People often describe 34 elements as a sort of accelerator online. Having run an accelerator/pre-seed fund in the US, I am well positioned to debunk this statement.
Accelerators are looking for VC fundable startups. Their program is geared toward a demo day where startups pitch to an audience of potential investors.
34 Elements does not consider the startup but the individual. It’s the founders’ grit and willingness to learn that are taken into account. This filter gives ambitious individuals, who may not fit the VC profile, a chance to improve their entrepreneurial skills by gaining access to Silicon Valley recipes.
Accelerators want to accelerate startups quickly to get them on the fundraising path. It’s all about building a perfect deck, a perfect story, to mold the startup into a VC-acceptable image. It’s about fundraising.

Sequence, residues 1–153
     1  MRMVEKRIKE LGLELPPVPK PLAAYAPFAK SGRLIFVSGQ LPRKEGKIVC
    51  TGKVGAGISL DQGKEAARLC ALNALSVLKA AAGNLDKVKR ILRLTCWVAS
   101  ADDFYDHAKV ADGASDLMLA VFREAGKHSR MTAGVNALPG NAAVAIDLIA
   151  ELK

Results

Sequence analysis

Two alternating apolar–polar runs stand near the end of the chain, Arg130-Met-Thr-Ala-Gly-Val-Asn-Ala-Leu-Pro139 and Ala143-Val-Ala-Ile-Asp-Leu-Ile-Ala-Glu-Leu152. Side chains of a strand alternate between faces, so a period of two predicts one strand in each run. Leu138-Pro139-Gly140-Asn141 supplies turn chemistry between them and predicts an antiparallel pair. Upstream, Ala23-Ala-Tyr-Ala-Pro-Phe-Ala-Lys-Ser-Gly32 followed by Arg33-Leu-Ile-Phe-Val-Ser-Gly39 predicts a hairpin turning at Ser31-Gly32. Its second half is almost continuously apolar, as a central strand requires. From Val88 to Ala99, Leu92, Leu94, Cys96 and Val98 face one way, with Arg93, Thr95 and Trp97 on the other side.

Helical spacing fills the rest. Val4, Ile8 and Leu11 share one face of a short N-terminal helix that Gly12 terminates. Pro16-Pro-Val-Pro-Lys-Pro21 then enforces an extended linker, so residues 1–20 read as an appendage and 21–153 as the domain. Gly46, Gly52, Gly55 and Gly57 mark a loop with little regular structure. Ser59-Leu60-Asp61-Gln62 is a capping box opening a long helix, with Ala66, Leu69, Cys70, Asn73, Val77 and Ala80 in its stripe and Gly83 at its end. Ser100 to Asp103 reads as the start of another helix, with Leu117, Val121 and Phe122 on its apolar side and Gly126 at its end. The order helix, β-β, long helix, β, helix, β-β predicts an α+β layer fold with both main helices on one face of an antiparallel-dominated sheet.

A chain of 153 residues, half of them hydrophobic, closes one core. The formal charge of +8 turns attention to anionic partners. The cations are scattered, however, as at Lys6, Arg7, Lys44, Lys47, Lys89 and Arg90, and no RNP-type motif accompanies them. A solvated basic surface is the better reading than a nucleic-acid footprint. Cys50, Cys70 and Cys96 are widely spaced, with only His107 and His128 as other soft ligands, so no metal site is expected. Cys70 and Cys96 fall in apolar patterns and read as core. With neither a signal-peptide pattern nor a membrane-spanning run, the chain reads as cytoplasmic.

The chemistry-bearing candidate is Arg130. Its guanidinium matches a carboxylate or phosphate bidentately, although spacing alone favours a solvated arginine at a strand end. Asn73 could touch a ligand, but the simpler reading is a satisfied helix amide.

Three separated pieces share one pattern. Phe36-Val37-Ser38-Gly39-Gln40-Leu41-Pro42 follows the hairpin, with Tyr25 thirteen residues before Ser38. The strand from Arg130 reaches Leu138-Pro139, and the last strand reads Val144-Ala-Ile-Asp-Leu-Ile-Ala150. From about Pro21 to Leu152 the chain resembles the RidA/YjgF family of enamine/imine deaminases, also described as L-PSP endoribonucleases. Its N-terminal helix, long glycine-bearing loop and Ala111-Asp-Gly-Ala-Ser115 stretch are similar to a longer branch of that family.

34 elements is a deep dive into the startup fundamentals, to become lucid and aware of the current state of the startup, and with this new awareness, work to find the best path forward. In doing so, it helps founders align on all the fundamentals. Having your CTO work on market segmentation might seem like a waste of time, but think again.
Accelerators focus on fundraising. That’s how they are being measured. They need to create a compelling story in 3 months that could trigger investment.
34 elements focus on strategy. It’s a holistic approach to help entrepreneurs think of the startup as interconnected pieces. The product is not at the center of the startup, it is seen as a consequence, strategy dictates what product to build.
Accelerators are programs, mostly on-site, although COVID has changed that a bit. It’s a real commitment for the co-founding team because you have to attend a lot of events and be physically on-site. It is often 3 to 6 months but could be more.
34 elements is online by design. 3 hours a week of live sessions. It easily fits into busy agendas and the regular life of startups. It’s an 8 weeks process.